Foster volunteer prepares to welcome 100th kitten
One of the first things you’re likely to see when you visit Cherri Gillmore’s home in Truckee, California, is a large dog crate atop a blanketed table, smack dab in the middle of the living room. And if you’re lucky, you might also see kittens peeking out from underneath the table or curled up together sleeping soundly in the crate.
Cherri, a foster volunteer for the Humane Society of Truckee-Tahoe and a Best Friends supporter, calls her setup the Kitty Palace. And over the years, it housed 91 kittens, all of them receiving loving care from Cherri until they were ready to be spayed or neutered and adopted.
"Cherri is truly an angel to all animals,” says Victoria Johnson of Best Friends. “Foster volunteers like Cherri are literally saving lives. The world is lucky to have her."
Cat inspires volunteer to help many more
Cherri can trace her love for fostering kittens back to Elvis (the cat, that is). Back when she began volunteering, she considered herself a dog person, but she decided to help out with cats at the shelter because that’s where help was needed the most.
One day, the shelter team handed Cherri (who by then had earned a reputation for helping even the shiest cats come out of their shells) an unhappy bundle of fur named Elvis, hoping she could work some magic. Immediately, he curled up on her shoulder and started purring. “Elvis was singing just for me,” says Cherri, who decided that day to become a foster volunteer and bring Elvis home.
Over the course of a few months, she watched Elvis transform from a shy kitten to a confident one. Eventually, she formed such a strong connection that she decided to adopt him. But that didn’t mean she was done fostering. In fact, it was quite the contrary. After seeing Elvis flourish, she wanted to help more kittens like him.
A penchant for helping unsocialized cats
“I typically foster kittens who come to the shelter unsocialized,” says Cherri. “I don’t mind dealing with shy or scared kittens.”
Over the years, she’s created a rock-solid plan to help kittens develop the social skills they need to thrive after adoption. The key, she says, is taking it slow and letting them approach her on their time, not hers.
Once the kittens get used to life in the Kitty Palace, she often wraps them up in a blanket, which she calls a “kitty burrito.” Then, she brings them to her office, closes the door and holds them one at a time on her chest so they can hear her heartbeat. She also lets them lick baby food from her finger before she reaches out to pet them. “They see me as a giver of yummy things,” she says.
So far, she’s had great success helping even the shiest and most scared kittens find their way to loving homes. And she will occasionally get updates from adopters letting her know how well the kittens she once held to her heart are doing. “If I could do backflips, I would,” she says. “Hearing that they are doing great is such a wonderful feeling.”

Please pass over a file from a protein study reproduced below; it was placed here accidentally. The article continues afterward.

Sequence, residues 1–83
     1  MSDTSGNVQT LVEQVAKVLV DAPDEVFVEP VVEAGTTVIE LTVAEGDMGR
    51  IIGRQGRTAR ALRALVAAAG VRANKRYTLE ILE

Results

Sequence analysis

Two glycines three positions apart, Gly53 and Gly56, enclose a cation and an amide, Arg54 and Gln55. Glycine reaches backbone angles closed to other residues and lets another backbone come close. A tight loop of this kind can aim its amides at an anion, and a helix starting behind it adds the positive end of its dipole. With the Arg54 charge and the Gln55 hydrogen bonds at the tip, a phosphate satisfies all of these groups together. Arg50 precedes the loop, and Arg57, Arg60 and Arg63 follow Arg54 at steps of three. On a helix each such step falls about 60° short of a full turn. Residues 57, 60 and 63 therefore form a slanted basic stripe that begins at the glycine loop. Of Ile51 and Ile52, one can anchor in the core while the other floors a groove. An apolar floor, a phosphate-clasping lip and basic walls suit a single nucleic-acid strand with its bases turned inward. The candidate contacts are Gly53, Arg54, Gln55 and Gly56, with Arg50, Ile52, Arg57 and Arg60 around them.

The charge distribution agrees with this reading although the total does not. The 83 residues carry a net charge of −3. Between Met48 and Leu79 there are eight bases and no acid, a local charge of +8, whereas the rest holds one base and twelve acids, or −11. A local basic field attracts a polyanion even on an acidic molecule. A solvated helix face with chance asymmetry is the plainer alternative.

"Cherri is a huge asset to our foster program and is someone who (we can always rely) on to step up and help when needed,” says Samantha Laroche, foster manager for the Humane Society of Truckee-Tahoe. “Her dedication and love to each foster kitten she has cared for has been incredible.”
Cat reading coaches
If Cherri isn’t at home tending to her foster kittens, you’re apt to find her at a local elementary school along with her cat, Simon, helping young children develop confidence reading aloud. It’s an initiative she and Elvis (who recently passed away) got involved with about six years ago.
She and Simon usually spend about an hour visiting individually with children, who each bring in a favorite book. Then, they read to Simon while he sits and patiently listens. It’s a role Simon takes to naturally. “He’s a dog in cat clothing,” says Cherri, who transports the 17-pound gray tabby in a canvas crate that sits on a wagon she calls Simon’s Chariot. Once his chariot is in the room, Simon hops out, eager to greet the children who can’t wait to pet him.
Cherri says the program has been a huge success. Parents and teachers report that, first through Elvis and now through Simon, the program has helped the kids feel more at ease reading out loud. And recently, the Humane Society of Truckee-Tahoe launched its Read Up For Fun (RUFF) program at the local public library.
"Our RUFF program is made up entirely of certified therapy dogs, with the exception of Simon,” says Erin Ellis, community engagement manager for the Humane Society of Truckee-Tahoe. “Kids' faces just light up when they see a cat and know that this special animal is going to be their reading buddy."
Huge milestone for an amazing volunteer
With kitten season fast approaching, Cherri has good reason to believe that sometime very soon, she’ll welcome her 100th foster kitten to the Kitty Palace. And it’s not like she has any plans on stopping. All she has to do is think about the kittens she’s helped to save — from a litter found clinging to life in a dumpster to the kittens she ended up adopting, including Elvis and Simon. She knows she’s making a huge difference.
Kittens need your help
Sign up with your local shelter to be a kitten foster volunteer and fill your home with joy while you save lives.
Photos courtesy of Cherri Gillmore